Manus Island: Indefinite detention pushing refugees to suicide and self-harm

Manus Island, Papua New Guinea, October 2017
Manus Island, Papua New Guinea, October 2017 © Jason Garman / Amnesty International

Amnesty and the Refugee Council of Australia report paints stark picture of a traumatised refugee population hit hard by health and counselling cuts

“Australia and regional countries must end the hell on Manus Island and prevent such suffering” - Claire Mallinson

Refugees have suffered violent attacks with screwdrivers and a machete

125,000 people have signed a petition opposing Australia’s harsh offshore detention policies

The misery of indefinite detention in Papua New Guinea is pushing increasing numbers of refugees and asylum-seekers into making suicide attempts and self-harming, a major new report by Amnesty International and the Refugee Council of Australia finds today (20 November).

The 54-page report - Until when? The forgotten men on Manus Island – paints a stark picture of a traumatised refugee population which has been hit hard by Australia’s recent healthcare and counselling service cuts, as well as continued threats to their safety.

Since August 2017, three men have killed themselves, driven to despair by years in an open-air prison, and in the last two months at least five others have attempted to end their lives, including one man who swallowed razor blades and nail clippers.

Claire Mallinson, Amnesty Australia’s National Director, said:

“The worsening health and safety crisis on Manus Island demonstrates that Australia’s offshore processing system has failed.

“Following public pressure, the Australian government has brought some child refugees from offshore detention in Nauru to Australia for medical treatment, but the situation for the men on Manus Island is just as acute.

“Australia must urgently work with Papua New Guinea and other countries in the region to find sustainable solutions to this crisis, including by ending offshore processing and speeding up settlement to third countries.”

Waiting for months

Over the past year the Australian government has halved the number of mental health staff available to the refugees and asylum-seekers it sends to Papua New Guinea. It has also terminated torture and trauma counselling services. As the report outlines, it is extremely difficult for refugees to access healthcare in Papua New Guinea. There is now just one small clinic to serve the over 600 refugees and asylum-seekers remaining on Manus Island, as well as the local hospital which is severely understaffed and has no interpreters and often no ambulance available.

Dr Joyce Chia, Refugee Council of Australia's Director of Policy, said:

“For the men on Manus Island getting proper healthcare has never been harder. Only a handful are transferred to Australia, and those in Papua New Guinea increasingly have to pay for their own healthcare and navigate the healthcare system without interpreters.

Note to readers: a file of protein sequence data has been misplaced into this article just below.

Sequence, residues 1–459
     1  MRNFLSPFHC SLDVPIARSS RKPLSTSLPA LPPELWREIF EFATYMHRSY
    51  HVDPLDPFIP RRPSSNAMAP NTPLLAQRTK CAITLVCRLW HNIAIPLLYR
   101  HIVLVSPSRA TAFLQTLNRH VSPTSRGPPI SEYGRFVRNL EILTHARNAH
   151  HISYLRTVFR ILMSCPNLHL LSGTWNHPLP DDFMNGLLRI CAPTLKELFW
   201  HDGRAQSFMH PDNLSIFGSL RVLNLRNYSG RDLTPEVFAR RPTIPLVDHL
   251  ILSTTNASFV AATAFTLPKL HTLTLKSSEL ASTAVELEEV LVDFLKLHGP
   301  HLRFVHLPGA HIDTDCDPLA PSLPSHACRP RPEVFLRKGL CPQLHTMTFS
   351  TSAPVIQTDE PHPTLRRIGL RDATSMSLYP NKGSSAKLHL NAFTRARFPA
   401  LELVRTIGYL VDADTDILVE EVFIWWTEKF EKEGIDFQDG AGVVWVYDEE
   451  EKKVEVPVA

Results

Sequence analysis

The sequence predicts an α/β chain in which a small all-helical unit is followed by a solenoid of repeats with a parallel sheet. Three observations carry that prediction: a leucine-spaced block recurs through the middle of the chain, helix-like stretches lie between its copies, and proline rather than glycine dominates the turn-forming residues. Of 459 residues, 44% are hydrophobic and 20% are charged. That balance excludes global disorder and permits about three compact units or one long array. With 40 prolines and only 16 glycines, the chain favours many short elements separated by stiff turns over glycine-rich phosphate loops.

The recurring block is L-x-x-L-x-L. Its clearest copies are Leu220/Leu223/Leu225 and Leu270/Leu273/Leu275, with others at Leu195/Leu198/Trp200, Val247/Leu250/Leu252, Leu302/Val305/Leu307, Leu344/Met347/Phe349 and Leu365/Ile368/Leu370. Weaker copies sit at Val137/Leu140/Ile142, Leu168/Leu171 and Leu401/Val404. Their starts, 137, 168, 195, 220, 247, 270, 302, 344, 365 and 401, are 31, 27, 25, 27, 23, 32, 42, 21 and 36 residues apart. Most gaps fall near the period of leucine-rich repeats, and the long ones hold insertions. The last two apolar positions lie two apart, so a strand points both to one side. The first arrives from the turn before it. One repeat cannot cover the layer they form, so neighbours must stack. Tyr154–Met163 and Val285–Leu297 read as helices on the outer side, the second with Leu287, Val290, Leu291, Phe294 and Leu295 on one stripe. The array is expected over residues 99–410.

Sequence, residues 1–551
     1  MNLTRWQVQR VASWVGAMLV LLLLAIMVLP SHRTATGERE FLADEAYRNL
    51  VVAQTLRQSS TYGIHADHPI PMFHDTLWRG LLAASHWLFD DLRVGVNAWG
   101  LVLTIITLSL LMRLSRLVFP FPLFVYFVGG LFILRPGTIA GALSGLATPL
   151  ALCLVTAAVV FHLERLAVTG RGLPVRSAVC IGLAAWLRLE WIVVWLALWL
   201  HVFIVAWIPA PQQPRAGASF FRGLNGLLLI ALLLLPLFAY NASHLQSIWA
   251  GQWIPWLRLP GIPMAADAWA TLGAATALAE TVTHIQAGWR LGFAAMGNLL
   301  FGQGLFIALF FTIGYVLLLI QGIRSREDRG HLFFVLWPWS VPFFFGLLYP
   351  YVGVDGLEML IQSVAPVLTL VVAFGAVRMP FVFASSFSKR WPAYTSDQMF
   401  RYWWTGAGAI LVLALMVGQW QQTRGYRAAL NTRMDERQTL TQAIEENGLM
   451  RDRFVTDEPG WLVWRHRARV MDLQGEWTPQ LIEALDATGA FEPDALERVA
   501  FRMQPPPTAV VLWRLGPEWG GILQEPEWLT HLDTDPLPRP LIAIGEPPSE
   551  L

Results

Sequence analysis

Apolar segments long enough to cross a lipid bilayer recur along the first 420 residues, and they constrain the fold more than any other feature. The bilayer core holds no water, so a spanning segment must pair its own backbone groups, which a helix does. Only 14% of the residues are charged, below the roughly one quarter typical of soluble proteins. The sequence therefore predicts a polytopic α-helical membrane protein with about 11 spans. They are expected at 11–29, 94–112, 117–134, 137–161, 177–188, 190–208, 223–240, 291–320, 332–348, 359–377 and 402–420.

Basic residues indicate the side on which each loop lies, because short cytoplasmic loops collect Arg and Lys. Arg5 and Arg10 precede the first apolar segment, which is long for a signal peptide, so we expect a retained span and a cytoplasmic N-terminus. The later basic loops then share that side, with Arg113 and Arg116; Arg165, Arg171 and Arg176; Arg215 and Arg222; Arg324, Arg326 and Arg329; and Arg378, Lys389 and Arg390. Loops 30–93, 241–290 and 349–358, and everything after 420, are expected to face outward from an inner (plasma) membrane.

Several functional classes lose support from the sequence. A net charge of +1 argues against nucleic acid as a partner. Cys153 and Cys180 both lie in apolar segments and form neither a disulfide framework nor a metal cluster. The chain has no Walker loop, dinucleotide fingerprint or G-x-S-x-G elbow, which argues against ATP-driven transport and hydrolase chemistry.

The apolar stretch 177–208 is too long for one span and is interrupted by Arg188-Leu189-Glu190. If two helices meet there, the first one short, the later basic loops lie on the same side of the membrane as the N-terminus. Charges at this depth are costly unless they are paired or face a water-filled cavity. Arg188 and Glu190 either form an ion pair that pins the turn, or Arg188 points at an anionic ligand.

“In July a coroner found that the death of Hamid Khazaei, who died from sepsis after cutting his foot on Manus Island, was the result of a catalogue of delays and errors. We do not want to see another preventable death.”

If they cannot be treated on Manus Island people are transferred to Papua New Guinea’s capital Port Moresby, but specialist treatment is often not available there either. For many people the best hope of recovery is to be sent to Australia for treatment, but over the past year there have been virtually no medical transfers to Australia, with only nine transfers in the last 18 months.

As of October, Refugee Council of Australia and Amnesty have documented 70 cases of people with serious health conditions, including hernia, stomach and gastric issues, vision impairment and severe mental health issues, who had been transferred to Port Moresby for medical treatment. Many had been there for over six months with little improvement to their condition.

Disturbingly, media reports suggested that many of the men in Port Moresby were returned to Manus Island ahead of last week’s Asia-Pacific Economic Cooperation (APEC) summit, some allegedly before finalising their treatments, to free up hospital space for delegates and conference staff.

Fear of attack

There is also little protection for refugees and asylum-seekers against threats of violence and many people fear leaving their housing or moving around alone. In the past year a refugee has been stabbed repeatedly with a screwdriver in a robbery; two intoxicated men made death threats to those in one of the ‘transit centres’; and one man was attacked twice, once with a machete. Very few of these incidents are investigated.

Amnesty and Refugee Council of Australia are calling on the Australian government, to urgently ensure people with serious physical and mental health conditions and those whose safety cannot be guaranteed are settled in Australia or a third country.

The organisations have together collected 125,000 signatures from people opposing Australia’s harsh offshore detention policies.

Claire Mallinson, said:

“We need to see a complete overhaul of the way that Australia, Papua New Guinea, Nauru and other countries in the region respond to people on the move.

“From opening up safe and legal routes for travel, to committing to hosting more refugees, and processing asylum applications quickly to reduce the chance that asylum-seekers will make dangerous boat journeys, there are many things Australia and regional countries can do to end the hell on Manus Island and prevent such suffering in future.”

Joyce Chia said:

“The Australian government wants us to forget the men on Manus. They have done everything they can to suppress the truth, but these brave men there have kept speaking up. They are still Australia’s responsibility, and what has happened to them is still Australia’s shame.”

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